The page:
Friday, December 1, 2023

Valak Malware Attacks Microsoft Exchange Servers to Steal Enterprise Passwords

Valak Malware malware first observed in the year 2019, the malware is not only a loader it can be used as an information stealer to target individuals and enterprises.

Researchers observed a new Valak malware campaign that particularly targets the US and Germany. In the new campaign, it was developed as a sophisticated, multi-stage modular from the loader.

Valak Malware Campaign

According to Cybereason researchers, the new campaign the common infection vector is the Microsoft Word documents embedded with malicious macro code.

The document found to be created in both English and German language and distributed depending on the geolocation of the target.

Valak Malware

The weaponized word document contains malicious macro code that downloads other stages of the payload. The initial stage of the malware is a fileless stage that stores various components in the registry.

In the reconnaissance phase, it collects the following data from the infected hosts such as; user, machine, and network information from infected hosts, also it checks for geolocation of the victim’s machine.

The malware also takes screenshots of the infected machine and also download plugins and other malware like Ursnif or IcedID to handle other operations.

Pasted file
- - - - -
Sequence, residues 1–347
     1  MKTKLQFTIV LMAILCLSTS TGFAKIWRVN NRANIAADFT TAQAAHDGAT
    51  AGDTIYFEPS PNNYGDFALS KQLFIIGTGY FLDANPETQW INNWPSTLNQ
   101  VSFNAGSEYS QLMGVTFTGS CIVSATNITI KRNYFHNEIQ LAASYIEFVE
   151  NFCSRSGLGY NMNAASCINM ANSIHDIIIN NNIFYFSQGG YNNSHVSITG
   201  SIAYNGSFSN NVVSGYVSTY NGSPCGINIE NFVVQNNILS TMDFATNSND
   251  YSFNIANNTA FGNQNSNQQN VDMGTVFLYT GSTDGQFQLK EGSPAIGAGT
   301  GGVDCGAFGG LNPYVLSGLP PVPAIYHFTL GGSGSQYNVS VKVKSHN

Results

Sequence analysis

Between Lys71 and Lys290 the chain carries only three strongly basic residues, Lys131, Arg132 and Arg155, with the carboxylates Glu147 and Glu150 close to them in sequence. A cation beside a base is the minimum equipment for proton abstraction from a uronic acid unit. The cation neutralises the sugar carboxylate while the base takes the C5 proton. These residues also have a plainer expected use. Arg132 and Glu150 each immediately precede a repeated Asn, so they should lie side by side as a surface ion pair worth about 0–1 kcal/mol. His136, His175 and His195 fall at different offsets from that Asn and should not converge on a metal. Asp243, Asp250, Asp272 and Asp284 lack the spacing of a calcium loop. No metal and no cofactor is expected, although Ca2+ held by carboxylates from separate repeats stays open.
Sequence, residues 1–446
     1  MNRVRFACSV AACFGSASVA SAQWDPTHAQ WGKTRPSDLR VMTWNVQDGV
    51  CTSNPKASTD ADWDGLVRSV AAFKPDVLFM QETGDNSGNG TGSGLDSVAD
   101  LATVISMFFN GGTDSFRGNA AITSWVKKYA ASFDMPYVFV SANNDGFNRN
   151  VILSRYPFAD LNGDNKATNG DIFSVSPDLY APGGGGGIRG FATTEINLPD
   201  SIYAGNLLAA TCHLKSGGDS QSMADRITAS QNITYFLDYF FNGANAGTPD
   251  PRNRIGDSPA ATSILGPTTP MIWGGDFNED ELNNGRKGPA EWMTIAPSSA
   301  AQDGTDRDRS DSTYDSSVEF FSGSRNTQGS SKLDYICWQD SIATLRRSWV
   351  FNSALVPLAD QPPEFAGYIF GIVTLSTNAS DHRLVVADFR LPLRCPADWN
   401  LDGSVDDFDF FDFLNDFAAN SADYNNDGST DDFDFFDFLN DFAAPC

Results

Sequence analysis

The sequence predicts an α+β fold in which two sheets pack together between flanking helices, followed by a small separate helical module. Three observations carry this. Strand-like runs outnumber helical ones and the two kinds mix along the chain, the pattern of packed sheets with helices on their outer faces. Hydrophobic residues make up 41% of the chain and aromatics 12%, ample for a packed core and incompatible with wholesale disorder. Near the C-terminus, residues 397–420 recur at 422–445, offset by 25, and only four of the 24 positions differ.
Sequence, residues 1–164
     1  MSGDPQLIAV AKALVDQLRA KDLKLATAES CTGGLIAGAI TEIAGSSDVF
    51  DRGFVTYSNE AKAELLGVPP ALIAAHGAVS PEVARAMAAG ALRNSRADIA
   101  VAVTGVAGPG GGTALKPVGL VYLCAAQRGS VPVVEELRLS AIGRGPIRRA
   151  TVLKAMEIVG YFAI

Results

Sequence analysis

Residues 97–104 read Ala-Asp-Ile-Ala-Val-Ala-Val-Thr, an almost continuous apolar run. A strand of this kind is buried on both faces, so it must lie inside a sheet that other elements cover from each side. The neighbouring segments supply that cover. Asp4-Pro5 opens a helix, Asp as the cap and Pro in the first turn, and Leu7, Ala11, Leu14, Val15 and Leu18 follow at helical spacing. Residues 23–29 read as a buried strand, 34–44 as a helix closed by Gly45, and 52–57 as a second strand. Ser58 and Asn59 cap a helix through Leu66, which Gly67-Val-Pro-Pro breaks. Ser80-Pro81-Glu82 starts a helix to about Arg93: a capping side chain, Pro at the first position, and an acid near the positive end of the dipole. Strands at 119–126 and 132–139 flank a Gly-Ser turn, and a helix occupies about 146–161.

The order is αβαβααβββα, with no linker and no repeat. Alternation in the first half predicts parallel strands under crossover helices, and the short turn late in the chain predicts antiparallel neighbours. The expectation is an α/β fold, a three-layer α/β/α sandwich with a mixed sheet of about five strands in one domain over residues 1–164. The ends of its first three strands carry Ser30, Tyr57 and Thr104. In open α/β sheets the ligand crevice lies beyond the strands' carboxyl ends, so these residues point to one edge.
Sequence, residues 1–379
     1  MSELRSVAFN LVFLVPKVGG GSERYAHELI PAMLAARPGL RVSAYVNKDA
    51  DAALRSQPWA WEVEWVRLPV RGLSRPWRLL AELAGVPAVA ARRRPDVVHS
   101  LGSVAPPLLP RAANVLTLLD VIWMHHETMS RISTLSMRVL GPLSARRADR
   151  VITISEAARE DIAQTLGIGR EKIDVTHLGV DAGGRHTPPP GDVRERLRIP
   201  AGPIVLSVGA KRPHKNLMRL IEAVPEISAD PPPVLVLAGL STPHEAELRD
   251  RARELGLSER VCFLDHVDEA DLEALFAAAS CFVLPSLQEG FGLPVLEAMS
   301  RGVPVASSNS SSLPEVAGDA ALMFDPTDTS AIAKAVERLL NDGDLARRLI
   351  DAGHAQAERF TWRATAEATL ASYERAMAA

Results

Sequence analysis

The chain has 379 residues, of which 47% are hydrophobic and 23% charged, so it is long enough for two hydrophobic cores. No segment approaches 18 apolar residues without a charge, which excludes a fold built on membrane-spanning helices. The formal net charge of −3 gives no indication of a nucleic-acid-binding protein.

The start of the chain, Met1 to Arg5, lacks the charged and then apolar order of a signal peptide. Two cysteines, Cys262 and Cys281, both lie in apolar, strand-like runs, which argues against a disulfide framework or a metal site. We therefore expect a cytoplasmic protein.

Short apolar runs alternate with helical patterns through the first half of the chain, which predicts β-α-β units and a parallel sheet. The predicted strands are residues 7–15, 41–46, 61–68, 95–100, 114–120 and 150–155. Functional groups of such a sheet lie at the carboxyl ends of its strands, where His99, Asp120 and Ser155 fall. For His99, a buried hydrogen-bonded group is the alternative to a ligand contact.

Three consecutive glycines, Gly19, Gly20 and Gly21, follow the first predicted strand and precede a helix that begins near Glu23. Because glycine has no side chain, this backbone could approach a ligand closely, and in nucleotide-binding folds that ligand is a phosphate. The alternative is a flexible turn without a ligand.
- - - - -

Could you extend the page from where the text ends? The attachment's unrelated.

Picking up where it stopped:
The new version of the malware attacker expands it with several plugin components for reconnaissance and information stealing.

Threats updated the Valak as most stealthy malware that uses advanced techniques like ADS and hiding components in the registry.

The malware mainly targets administrators and enterprises network, it collects and steals sensitive information from the Microsoft Exchange mail system, including credentials and the domain certificate

Researchers observed that malware is using shared infrastructure among almost all of its different versions.

Valak Malware

“Given the fact that both Ursnif and IcedID are considered to be part of the Russian-speaking E-Crime ecosystem, it is possible that the authors of Valak are also part of that Russian-speaking underground community.”

The Valak malware with it’s extended capabilities suggest that it can be used independently with or without teaming up with other malware.

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